This morning, I had an idea to boot into Windows, to make sure all my Windows patches are up-to-date before going into the holiday break. I'll admit that it's been well over a month (or has it been 2 months?) since I've booted Windows, so I expected there to be a bunch of updates.
I wasn't wrong. There were 48 updates to apply. And they were all huge. It's interesting to note the process by which Windows installs the updates:
Run Windows Update, let it download and apply the 48 updates. This takes forever and really bogs down my machine. I tried doing some email while it was working, but there was so much going on with the updates that my Dell Latitude E6410 seemed unusable at times. I don't recommend doing this when you're trying to do anything important.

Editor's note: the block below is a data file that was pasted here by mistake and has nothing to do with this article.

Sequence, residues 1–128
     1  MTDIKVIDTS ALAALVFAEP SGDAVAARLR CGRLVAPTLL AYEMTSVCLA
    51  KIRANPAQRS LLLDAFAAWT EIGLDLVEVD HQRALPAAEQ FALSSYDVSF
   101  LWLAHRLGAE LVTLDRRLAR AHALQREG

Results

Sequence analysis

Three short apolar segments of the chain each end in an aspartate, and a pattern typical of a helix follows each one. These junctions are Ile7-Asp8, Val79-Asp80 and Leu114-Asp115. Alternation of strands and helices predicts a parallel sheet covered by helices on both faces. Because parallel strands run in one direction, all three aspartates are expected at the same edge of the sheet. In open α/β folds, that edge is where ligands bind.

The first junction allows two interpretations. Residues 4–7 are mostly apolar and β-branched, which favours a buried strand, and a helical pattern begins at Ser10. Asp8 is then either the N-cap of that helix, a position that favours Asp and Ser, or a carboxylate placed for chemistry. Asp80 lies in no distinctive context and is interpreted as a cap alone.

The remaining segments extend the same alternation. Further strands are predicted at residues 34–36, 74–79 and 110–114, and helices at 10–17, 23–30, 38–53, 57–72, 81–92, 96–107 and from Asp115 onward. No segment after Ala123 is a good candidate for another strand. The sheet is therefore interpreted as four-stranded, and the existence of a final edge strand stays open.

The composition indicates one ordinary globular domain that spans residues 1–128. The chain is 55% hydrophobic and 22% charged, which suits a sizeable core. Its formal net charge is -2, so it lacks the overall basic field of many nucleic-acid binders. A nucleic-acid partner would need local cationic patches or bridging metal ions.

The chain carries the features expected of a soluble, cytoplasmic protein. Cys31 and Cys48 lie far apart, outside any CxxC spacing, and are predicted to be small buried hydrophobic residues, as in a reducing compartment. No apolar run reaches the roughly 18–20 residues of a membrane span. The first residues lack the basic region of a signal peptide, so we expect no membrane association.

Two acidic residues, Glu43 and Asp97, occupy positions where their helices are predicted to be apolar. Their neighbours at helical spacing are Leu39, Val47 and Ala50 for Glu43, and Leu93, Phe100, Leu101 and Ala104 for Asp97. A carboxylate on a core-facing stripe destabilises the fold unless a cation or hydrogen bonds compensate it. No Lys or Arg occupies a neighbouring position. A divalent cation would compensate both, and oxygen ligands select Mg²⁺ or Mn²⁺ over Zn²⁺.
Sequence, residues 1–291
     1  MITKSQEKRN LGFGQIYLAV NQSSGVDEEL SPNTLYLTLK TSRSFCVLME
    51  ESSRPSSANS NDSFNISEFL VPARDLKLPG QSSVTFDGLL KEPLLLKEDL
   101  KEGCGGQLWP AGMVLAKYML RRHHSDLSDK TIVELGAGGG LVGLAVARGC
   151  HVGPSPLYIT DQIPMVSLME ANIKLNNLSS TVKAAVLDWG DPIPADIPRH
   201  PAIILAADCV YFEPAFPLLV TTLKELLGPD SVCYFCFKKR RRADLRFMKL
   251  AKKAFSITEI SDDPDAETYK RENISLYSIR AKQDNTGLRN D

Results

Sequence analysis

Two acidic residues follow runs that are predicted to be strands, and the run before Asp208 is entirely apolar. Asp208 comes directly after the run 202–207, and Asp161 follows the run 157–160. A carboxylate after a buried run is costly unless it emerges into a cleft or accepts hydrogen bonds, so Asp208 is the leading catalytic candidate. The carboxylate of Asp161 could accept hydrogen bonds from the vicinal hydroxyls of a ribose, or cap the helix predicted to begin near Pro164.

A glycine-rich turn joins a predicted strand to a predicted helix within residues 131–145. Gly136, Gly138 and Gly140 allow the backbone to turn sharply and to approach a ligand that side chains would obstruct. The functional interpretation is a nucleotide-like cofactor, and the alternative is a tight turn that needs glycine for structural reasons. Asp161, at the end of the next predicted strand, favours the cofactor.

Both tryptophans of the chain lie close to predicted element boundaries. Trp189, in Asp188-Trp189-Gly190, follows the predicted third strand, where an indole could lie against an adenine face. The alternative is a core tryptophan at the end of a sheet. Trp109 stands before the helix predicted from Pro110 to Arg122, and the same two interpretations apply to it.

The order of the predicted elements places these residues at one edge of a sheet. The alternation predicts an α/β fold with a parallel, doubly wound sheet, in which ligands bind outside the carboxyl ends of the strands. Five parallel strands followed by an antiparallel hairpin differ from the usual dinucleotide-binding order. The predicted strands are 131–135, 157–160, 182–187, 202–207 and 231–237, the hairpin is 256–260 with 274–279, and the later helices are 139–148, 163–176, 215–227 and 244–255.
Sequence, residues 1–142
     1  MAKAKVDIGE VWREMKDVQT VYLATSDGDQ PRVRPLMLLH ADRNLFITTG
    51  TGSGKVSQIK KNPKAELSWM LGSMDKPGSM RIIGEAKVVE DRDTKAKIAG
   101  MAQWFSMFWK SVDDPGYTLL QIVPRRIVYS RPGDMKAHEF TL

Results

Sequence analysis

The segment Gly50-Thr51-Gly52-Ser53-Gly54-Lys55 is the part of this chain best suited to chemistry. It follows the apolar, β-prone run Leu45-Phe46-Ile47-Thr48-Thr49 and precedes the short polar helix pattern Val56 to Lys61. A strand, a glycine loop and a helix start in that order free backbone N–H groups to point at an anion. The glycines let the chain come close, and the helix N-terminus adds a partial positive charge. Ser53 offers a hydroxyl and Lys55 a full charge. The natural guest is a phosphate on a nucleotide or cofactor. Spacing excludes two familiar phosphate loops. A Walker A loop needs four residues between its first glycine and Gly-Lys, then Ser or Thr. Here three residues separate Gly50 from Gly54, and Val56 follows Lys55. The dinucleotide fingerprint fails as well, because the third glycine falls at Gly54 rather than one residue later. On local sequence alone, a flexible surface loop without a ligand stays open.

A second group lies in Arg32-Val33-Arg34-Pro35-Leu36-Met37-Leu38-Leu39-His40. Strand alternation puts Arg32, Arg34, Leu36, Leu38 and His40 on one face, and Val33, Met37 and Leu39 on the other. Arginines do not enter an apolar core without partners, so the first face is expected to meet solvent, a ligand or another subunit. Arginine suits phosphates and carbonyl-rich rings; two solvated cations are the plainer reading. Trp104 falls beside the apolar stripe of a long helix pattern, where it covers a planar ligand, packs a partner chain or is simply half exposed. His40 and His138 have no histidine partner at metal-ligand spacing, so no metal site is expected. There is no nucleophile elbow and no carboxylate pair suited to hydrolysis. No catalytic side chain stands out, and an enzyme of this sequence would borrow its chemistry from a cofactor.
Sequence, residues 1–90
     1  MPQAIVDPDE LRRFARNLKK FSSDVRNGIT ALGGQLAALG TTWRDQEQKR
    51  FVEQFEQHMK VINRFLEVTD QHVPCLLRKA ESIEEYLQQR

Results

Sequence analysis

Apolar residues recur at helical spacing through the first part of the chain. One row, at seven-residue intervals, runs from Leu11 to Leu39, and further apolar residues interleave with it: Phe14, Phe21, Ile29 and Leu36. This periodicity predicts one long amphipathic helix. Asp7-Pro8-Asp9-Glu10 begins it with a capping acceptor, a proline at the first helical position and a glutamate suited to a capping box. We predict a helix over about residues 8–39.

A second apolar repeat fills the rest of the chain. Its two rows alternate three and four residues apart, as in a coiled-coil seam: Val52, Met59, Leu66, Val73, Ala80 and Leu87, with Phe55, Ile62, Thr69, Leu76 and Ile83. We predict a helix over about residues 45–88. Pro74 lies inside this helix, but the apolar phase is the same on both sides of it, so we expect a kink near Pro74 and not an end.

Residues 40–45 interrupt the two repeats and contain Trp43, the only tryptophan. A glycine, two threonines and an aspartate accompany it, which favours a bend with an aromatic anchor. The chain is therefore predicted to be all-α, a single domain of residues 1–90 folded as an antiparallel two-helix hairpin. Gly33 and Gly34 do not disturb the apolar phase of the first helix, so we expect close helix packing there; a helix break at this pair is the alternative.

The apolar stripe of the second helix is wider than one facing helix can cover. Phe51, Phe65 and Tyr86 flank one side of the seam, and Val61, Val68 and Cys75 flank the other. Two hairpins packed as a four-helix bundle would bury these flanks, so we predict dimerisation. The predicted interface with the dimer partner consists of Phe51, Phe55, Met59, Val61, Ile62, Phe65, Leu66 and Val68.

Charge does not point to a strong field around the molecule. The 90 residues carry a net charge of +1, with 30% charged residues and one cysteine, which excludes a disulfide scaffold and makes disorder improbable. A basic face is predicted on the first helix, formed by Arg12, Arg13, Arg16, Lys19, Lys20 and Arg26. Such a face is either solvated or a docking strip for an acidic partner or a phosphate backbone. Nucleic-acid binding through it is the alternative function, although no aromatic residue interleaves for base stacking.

After the updates are applied, they aren't really installed. You need to reboot for the changes to take effect. Sure enough, Windows applies a few of the updates as it shuts down. But we already know about that. It's been that way since at least Windows Vista.
I guess not everything gets installed at shutdown? As I rebooted my computer, I watched as Windows was "preparing" to install updates, then "configuring" Windows updates, before finally installing them. When it got to 32%, it kind of sat there, spinning the disk, like it was hung. I had enough time to get out my phone, and snap a photo, all while Windows was at "32% complete":
After all the updates were applied, Windows finally came up, and I was able to get back to work.
I never get tired of reminding that in Linux, when you reboot or shutdown, you actually reboot or shutdown. None of this "let me install a few updates before you really get to shut down your system." Reboot means "reboot", and shutdown means "shutdown".
I guess I got spoiled for how cleanly Linux systems apply updates. Microsoft sure could take a lesson from that.